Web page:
About a year ago, The Farm Group, opened a separate HD facility, Home, in central London. "I wouldn't like to add HD to an existing SD facility," because there are too many conflicts with cabling and references, says its technical director, David Klafkowski. "It is easier to pull it out and do it all again."
It would have been possible to update The Farm to HD, as it was fairly new, but there wouldn't have been enough room in the cable runs to add HD cabling, nor would there have been enough room to add HD monitors or vectorscopes.
Facilities could just add an HD|DS as a stand-alone suite, but it wouldn't be easy to integrate it, and "you need to have all the kit to deliver complete HD programmes," he says.
Home has an HD Spirit and HD|DS, which it chose because it already had experienced DS operators, and this was "a natural progression." It also has a linear suite that will work in any format, with HDCAM and HD-D5 VCRs, a Snell & Wilcox HD 1024 vision mixer, and two Sierra QuickFrame HD disk drives, which can store up to 90 minutes each, for non-compressed disk-to-disk work.
Klafkowski feels that the biggest difficulty is ensuring you know the right delivery format and who is the primary broadcaster, because of problems with audio when you slow down material captured at 25 frames per second, "so decide who is the final market first."
There is also the difference in look between interlaced and progressive. While Europeans tend to prefer HD to look like film, "the Japanese like it to look like video on steroids."
Home worked on the BBC/Sony Columbia Tristar 2002 co-production, Rockface, a mountain rescue drama series shot on HDCAM at 25 fps, which will be slowed down to 24p for the US.
It also did the deliverables of Band Of Brothers in all variants of HD for HBO, which didn't want a 24fps master, but 59.94. It also did the speed ups for 50i for Australia and for the 625-line version for the BBC. It has done a lot of European-originated programming for NHK and a couple of feature films for HD delivery.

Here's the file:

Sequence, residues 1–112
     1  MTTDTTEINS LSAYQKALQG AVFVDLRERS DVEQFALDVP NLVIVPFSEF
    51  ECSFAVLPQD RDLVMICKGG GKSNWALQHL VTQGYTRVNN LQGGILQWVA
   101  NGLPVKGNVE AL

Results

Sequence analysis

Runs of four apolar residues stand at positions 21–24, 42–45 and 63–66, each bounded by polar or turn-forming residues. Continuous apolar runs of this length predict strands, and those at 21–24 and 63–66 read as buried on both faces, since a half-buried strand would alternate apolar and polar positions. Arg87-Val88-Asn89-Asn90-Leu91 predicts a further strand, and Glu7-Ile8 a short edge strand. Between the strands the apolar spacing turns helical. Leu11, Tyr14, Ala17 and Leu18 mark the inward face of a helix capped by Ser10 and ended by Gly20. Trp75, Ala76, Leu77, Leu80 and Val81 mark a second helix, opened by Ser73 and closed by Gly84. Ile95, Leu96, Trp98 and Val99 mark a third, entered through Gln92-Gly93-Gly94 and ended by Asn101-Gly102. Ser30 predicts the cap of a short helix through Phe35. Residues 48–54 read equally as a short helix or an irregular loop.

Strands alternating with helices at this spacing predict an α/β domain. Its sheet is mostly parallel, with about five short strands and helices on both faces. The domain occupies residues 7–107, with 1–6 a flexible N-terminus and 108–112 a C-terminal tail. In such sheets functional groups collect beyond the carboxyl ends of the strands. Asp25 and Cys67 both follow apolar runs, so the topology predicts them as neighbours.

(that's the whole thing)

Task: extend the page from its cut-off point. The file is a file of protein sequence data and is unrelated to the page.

When M2 chairman, Bill Cullen, looked at HD a year ago, he thought it was still too costly for what his clients were willing to pay. "The few that were willing to pay anything extra would only want to pay a very small premium."
Although the cost of HD production "is coming down to a realistic level," post-production equipment is still expensive, especially HD VCRs and monitors, although systems such as HD|DS and 5D's CyborgM (which M2 has just installed) are more reasonably priced.
"There is a limited market for HD in Europe at the moment, but we expect that to change," not necessarily immediately, but when it does it will grow exponentially.
At present, "the whole of production and post-production is about future proofing or going back to film or large screen presentations rather than HD transmission, at least in Europe," he adds.
M2 is a large, established standard definition facility, and they wanted to integrate HD into it, which means they have to be able to do SD work on whatever systems they buy. This is why it chose the CyborgM HD, a new rival for Flame, Henry and Inferno. It can take in any file format and can go up to 6K film. "It's main power is all the different effects you can do on it. It's got a fairly intuitive interface." It also has an "amazing slo-mo device", time twister, which interpolates additional pixels for inbetween shots "It's very, very clever," he says. It runs on NT, with some dedicated i/o hardware, and is integrated with rest of facility on the SD side, but stands alone for HD.
Cullen is seeing the middle ground of post-production disappearing. "If you want to do it really well, you will have to do it in HD," but "I think it is going to be a slow process, predominately to do with the cost," he says.
Klafkowski has noticed that US facilities are now getting no more for HD work than they used to get for SD, but that the prices they can charge for SD have dropped.
"Discovery has said that in two years time it won't pay any more for HD than it currently pays for SD," adds Cullen.
Home currently charges about 30% more for HD because the equipment costs 30% more, but that will change. "It's not the equipment, but the people that matter. Ultimately, it doesn't really matter how much the equipment costs," says Klafkowski.
He believes the next big incentive to go HD will be the arrival of HD DVD over the next couple of years, which will open up a new outlet for productions, especially in Europe, and offer new competition for broadcasters.